“Eye has not seen, nor ear heard, neither have entered into the heart of man, the things which God has prepared for them that love Him.”
1 Corinthians 2:9
Life is often a difficult struggle, but in our resourcefulness we quickly find ways to compensate – to create an equilibrium or status quo where we can live without noticing the frustration or pain. This is a survival technique, essential at times in our lives. But to stay in survival mode is not living, but merely surviving – just getting by. This is not the kind of life Jesus was referring to when He said: “I came that they might have life, and have it abundantly.” (John 10:10)
Many, if not all, of life’s challenges are opportunities for faith and growth. But we are so easily satisfied. How many times have we told ourselves (or God) that we’re OK with how things are – there is no need to shake things up. How often do we think that our lives should be easy, without major difficulties or challenges? How much of our energy is given to the fight to protect what we have: to maintain the status quo? How often do we resist change – because of fear or laziness?
We can struggle to maintain (or resign ourselves to) the status quo, and justify it by telling ourselves this is good enough. We can even sound “spiritual” by quoting Paul: “… for I have learned to be content in whatever circumstances I am.” (Philippians 4:11) But Paul also said: “I press on toward the goal for the prize of the upward call of God in Christ Jesus” (Philippians 3:14)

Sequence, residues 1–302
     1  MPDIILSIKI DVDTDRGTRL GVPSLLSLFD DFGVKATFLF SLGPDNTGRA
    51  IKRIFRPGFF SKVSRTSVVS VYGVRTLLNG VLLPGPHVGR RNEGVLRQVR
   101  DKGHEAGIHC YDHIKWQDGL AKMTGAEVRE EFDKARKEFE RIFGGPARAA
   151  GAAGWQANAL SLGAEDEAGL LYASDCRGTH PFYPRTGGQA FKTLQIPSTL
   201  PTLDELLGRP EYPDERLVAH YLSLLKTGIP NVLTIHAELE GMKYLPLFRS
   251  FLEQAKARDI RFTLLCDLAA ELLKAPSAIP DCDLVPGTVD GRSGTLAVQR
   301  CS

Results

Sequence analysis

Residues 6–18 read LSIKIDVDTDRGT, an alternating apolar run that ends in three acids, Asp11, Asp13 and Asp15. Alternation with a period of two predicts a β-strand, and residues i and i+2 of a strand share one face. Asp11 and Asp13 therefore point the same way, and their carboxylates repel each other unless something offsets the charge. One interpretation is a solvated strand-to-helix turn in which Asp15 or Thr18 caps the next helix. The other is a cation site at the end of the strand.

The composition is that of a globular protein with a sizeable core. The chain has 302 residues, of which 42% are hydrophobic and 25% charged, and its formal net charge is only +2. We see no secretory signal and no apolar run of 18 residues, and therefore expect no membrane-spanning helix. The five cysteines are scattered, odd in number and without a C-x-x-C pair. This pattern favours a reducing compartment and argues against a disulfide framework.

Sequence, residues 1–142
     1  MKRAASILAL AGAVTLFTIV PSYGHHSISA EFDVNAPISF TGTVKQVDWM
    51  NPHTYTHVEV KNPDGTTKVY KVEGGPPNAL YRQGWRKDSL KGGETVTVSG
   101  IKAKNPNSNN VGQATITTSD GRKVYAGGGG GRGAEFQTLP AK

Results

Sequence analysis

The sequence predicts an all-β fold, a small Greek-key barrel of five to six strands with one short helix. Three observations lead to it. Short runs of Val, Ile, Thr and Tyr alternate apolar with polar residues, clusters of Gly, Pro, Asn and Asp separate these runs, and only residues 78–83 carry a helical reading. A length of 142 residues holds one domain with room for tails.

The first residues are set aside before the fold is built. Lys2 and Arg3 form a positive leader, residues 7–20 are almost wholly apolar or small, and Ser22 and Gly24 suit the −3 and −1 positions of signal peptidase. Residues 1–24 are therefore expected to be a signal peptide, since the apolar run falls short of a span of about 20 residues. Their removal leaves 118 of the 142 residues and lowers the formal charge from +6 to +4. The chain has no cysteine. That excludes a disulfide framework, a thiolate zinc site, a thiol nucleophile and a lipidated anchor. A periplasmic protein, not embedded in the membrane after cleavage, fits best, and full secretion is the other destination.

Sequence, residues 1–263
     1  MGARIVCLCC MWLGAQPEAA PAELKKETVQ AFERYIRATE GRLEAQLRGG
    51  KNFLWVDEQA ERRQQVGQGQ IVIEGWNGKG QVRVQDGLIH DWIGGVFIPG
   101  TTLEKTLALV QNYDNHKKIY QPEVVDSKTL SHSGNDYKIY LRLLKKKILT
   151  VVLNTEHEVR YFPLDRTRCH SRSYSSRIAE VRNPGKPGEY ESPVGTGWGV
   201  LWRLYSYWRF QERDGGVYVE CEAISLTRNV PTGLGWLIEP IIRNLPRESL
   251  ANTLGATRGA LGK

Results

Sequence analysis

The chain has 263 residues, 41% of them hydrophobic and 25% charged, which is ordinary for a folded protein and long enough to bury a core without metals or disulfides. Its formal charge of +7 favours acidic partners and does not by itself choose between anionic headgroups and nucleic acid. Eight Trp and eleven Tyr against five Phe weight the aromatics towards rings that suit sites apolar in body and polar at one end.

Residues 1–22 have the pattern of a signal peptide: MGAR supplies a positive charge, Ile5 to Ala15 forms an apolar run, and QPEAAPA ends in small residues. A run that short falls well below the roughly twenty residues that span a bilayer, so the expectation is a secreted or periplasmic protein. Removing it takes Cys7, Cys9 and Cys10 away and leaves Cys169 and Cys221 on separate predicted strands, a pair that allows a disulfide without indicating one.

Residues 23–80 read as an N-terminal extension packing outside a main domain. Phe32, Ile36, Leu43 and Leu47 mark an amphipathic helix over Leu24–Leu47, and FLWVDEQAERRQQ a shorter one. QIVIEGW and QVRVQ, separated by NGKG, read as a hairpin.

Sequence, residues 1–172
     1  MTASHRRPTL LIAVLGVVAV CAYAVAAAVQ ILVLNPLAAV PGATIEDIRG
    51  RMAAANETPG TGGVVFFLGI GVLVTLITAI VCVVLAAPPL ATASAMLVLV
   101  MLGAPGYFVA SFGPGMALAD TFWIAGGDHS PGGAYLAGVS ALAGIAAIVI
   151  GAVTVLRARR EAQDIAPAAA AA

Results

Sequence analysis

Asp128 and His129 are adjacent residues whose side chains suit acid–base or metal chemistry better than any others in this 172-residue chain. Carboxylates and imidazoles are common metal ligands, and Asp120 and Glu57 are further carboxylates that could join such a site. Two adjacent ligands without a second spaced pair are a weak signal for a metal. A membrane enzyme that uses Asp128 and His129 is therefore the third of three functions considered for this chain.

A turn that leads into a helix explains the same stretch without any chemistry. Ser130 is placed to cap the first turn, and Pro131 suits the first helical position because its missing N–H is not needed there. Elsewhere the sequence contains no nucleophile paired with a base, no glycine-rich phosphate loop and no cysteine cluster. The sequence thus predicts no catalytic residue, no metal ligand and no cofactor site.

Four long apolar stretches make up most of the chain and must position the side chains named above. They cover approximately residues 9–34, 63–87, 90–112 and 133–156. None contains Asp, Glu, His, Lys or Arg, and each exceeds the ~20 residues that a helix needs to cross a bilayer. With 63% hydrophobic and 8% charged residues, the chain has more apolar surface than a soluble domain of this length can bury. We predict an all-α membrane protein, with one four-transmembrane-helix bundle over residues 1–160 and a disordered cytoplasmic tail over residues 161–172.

One thing that I have become convinced of: no matter how good my life seems to be at the time, the status quo is not OK. Yes, be happy with the present, but what I am living in and experiencing today is not good enough for tomorrow. In other words, I’m thankful to be here, but not content to stay. There is more, and I want it. I’m not talking about fame and fortune or all the material stuff most of the world anxiously seeks, but about the stuff real life is made of: the things that 1 Corinthians 2:9 (at the top of this page) is referring to. In 2 Peter 1:3-4 it says: “…seeing that His divine power has granted to us everything pertaining to life and godliness, through the true knowledge of Him who called us by His own glory and excellence.”
I obviously don’t have all of this yet, and I want it. (I’ve received just enough to know that I want more, much more.) But it will not be given to me if I am content to stay where I am. It will require walking by faith, and faith is not comfortable. Faith requires risk, and a willingness to walk away from the status quo. Only by stepping out in faith can we begin to see and experience the best that God has for us.
Dew-drops on lantana blossom. The lantana bloom is approximately 1/4″ in diameter, and the larger dew-drops are about .01″ (that’s 1/100 of an inch).